Quantum Computer Memory Cell larger than a Qubit. “Scientists from the Institute of Physics and Technology of the Russian Academy of Sciences and MIPT have let two electrons loose in a system of quantum dots to create a quantum computer memory cell of a higher dimension than a qubit (a quantum bit). In their study published in Scientific Reports, the researchers demonstrate for the first time how quantum walks of several electrons can help to implement quantum computation.”
Entanglement Made Easier. “Researchers from the Tyndall National Institute have devised a method that would make entangling photons easier, and accelerate our journey towards the quantum computing age. … Researchers created quantum dot light-emitting diodes that can produce entangled photons (QDLEDs). The pyramid-shaped quantum dots of the QDLED — as in the same technology behind QDLED TV’s — are electrified using nanotechnology to entangle the photons. It is these pyramidal structures that allow physicists control over the process — something that has been significantly difficult over the years.”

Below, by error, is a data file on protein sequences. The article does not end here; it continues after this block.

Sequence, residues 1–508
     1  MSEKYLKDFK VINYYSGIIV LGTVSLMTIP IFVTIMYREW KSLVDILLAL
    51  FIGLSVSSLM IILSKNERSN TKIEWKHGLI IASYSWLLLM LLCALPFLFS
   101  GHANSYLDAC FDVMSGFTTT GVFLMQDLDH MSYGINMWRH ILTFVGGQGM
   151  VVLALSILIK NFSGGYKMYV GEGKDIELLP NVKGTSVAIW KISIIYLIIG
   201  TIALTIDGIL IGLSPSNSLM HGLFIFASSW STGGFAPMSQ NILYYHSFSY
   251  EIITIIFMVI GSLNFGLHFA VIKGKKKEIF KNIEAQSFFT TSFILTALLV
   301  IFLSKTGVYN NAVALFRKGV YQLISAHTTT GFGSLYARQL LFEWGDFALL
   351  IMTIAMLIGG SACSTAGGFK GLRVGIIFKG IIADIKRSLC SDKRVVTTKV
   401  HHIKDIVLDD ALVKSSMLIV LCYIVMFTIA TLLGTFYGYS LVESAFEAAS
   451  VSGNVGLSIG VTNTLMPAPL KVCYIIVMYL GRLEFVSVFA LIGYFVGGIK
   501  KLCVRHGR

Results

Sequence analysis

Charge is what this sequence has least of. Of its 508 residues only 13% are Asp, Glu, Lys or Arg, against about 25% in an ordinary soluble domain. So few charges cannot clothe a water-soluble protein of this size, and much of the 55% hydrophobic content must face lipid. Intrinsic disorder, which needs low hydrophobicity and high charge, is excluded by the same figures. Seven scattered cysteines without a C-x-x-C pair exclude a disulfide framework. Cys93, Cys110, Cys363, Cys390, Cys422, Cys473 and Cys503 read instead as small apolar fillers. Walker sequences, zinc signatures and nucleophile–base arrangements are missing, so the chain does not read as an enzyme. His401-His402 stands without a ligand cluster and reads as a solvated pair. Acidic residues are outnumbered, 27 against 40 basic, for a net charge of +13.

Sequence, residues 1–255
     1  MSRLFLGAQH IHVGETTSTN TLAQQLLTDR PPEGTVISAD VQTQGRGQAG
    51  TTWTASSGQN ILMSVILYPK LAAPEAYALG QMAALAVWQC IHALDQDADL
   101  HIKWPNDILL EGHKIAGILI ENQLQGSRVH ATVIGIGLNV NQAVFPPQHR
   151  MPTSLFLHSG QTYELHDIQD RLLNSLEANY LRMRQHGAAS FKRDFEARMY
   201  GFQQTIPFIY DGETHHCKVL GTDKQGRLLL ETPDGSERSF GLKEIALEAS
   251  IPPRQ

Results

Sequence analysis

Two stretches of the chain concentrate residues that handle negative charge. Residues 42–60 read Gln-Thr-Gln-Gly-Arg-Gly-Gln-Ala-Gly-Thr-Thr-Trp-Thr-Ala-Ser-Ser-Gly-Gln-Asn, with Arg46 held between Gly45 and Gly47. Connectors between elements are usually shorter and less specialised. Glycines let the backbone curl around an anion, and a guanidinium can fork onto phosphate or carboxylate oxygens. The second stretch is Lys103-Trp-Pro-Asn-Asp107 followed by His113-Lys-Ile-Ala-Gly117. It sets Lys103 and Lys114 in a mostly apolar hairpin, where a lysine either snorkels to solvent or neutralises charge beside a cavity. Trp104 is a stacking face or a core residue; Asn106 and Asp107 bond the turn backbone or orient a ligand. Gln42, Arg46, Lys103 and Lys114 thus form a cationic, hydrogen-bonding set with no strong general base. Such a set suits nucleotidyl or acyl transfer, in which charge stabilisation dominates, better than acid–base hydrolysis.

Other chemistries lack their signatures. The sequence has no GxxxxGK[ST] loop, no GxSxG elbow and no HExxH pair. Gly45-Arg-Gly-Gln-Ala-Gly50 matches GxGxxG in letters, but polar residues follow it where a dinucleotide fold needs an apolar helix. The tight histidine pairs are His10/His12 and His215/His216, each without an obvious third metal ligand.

Molecules as Qubits. “A team of researchers from the University of Manchester announced … they had taken a significant step forward in the creation of viable quantum computers. In a study published in the latest edition of the journal Chem, the researchers provided evidence that large molecules made of nickel and chromium could be used as qubits — the quantum computing equivalent of the bits used to store and process information in conventional computers. According to the study, it is possible, at least in theory, to use molecular chemistry to connect these molecules, thereby creating several stable qubits that can then be used to create two-qubit logic gates.”